The American Institute of Physics recently published the report of its study, Physics in the Two-Year Colleges
Physics in the Two-Year Colleges
The American Institute of Physics recently published the report of its study, Physics in the Two-Year Colleges. This study explored the faculty, students, and curriculum in physics at the junior college level. The report is available from: Education and Employment Statistics Division, AIP, One Physics Ellipse, College park, MD 20740. It is also available on the web at www.aip.org/statistics/trends/reports/twoyear.pdf. We present here a few of the highlights from the report (reprinted with permission).
- Contacting over 1,785 two-year college campuses across the United States, we found that 1,056, or 59%, offered classes in physics during the 1995-96 academic year (page 52).
- In the Spring of 1996, these departments contained 2,692 faculty teaching physics classes (p. 52). Department heads supplied the names of 2,542 professors, with 1,710 (66%) in full-time positions and 832 (34%) holding part-time appointments (p. 20).
- All 2,542 physics faculty were sent a detailed 12-page questionnaire, with 1,194 responding, along with another 223 who responded to a shorter version, for a total response rate of 56% (p. 52). Faculty were overwhelmingly male (89%), with a median age of 49. Eighty-nine percent were white, 6% were U.S. minorities, and 5% were non-U.S. citizens (p. 21).
- There was little difference between full- and part-time faculty in these demographic characteristics. More surprisingly, there was also little difference in academic background. In both groups, a little over one- third held a PhD, with almost all the rest holding a master's degree. And, in both groups, roughly two-thirds had earned a graduate degree in physics (p. 21).
- During the 1996-97 academic year, some 120,000 students took physics at a two-year college. This represented only 2% of all students enrolled in two-year schools at that time. However, given the large number of part-time and non-degree students attending classes at two-year schools, a more useful comparison would be that it included about a quarter of the entering class of full-time students (p. 5). It also encompassed approximately one-fourth of all students taking introductory physics at the college level during that academic year (p. 45).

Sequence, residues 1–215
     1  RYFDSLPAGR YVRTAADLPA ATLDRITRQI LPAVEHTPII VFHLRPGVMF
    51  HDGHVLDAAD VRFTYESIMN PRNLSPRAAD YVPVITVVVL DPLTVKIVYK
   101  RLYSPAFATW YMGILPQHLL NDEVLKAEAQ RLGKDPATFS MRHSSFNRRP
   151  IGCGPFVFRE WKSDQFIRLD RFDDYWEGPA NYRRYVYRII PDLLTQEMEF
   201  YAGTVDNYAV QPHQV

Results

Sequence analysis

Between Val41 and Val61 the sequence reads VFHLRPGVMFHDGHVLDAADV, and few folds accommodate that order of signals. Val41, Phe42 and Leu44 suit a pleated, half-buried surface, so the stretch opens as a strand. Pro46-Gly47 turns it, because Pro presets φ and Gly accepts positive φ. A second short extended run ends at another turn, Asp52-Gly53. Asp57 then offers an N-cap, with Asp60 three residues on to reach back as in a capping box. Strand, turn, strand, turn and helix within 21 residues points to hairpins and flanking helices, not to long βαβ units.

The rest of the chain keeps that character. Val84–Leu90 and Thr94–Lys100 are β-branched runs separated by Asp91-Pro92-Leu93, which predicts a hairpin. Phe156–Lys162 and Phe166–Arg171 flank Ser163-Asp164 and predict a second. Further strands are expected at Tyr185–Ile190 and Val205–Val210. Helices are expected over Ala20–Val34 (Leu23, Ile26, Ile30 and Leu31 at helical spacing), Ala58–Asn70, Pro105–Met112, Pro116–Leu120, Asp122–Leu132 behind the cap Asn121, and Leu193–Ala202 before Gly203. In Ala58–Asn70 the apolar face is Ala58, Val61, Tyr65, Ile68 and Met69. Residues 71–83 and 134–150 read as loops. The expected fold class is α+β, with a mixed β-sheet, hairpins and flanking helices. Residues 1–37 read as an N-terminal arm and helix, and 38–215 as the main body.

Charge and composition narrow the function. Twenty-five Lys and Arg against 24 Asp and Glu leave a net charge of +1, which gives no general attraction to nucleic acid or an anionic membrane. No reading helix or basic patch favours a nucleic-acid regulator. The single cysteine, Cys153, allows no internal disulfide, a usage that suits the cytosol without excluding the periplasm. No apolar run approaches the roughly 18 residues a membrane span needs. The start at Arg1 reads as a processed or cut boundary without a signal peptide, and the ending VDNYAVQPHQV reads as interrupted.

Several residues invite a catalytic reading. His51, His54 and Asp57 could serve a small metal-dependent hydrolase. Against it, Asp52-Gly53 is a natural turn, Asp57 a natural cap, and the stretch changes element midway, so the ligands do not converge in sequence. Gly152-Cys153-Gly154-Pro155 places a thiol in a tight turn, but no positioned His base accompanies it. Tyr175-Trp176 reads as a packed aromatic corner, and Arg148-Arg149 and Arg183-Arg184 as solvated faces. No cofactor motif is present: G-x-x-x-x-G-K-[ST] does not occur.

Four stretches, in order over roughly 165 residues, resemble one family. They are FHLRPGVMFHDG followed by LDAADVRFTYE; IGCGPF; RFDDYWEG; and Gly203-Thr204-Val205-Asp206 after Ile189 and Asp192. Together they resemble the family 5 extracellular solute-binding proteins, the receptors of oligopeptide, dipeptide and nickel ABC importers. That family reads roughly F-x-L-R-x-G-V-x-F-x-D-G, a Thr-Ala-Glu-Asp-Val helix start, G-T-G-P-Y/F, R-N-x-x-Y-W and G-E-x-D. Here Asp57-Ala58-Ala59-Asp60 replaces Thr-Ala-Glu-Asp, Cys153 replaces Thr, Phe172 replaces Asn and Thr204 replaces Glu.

- Included in the physics total were 31% women and 15% who were members of minority groups that are traditionally underrepresented in science, including African-Americans, Hispanic-Americans, Native- Americans, and those classifying themselves as "other." The level of underrepresentation in physics becomes evident when we compare these figures to the overall representation among two-year college students of 58% for women and 23% for minorities in the same year. Nevertheless, the underrepresentation of women and minorities at the two-year level is significantly lower than at four-year institutions (p. 13).
- Most two-year college physics students were enrolled in the same type of introductory physics course that is taught in four-year schools and universities. Some 33% were enrolled in the algebra and trigonometry- based course, while 28% were taking the calculus-based or other advanced version. Only about 10% seemed to be taking courses that were specially designed for the academic backgrounds and career objectives of two-year college students (p. 10).
- In line with this latter finding, few faculty indicated that they had developed ties to or received regular input from potential employers of two-year college graduates. For example, only 8% reported that they received guidance from industry-based curriculum advisory group, and fewer than one-tenth taught any courses that had been structured to incorporate the needs of local employers (p. 17).
- The major problems cited by full-time faculty included students' weak math backgrounds (53%), insufficient funds for equipment and supplies (47%), and inadequate space for labs/facilities outmoded (34%) (p. 34). Nevertheless, the survey registered a strong sense of job satisfaction among almost all segments of the two-year physics teaching community, with 69% saying that they would still choose two-year college teaching if they had it to do over again, and 77% saying they preferred teaching physics to other subjects (p. 32).
- Along similar lines, we found extremely high levels of career and job stability. The vast majority of teachers were still at the school where they started teaching, and a high proportion indicated that they planned to remain with two-year college teaching until they retired. Thus, full- time faculty had taught for a median of 15 years and had been at their current college for 13 years, with 93% expecting to remain until retirement. Even part-timers had spent a large portion of their teaching career (with a median duration of 5 years) at their current school (median 4 years) (p. 34).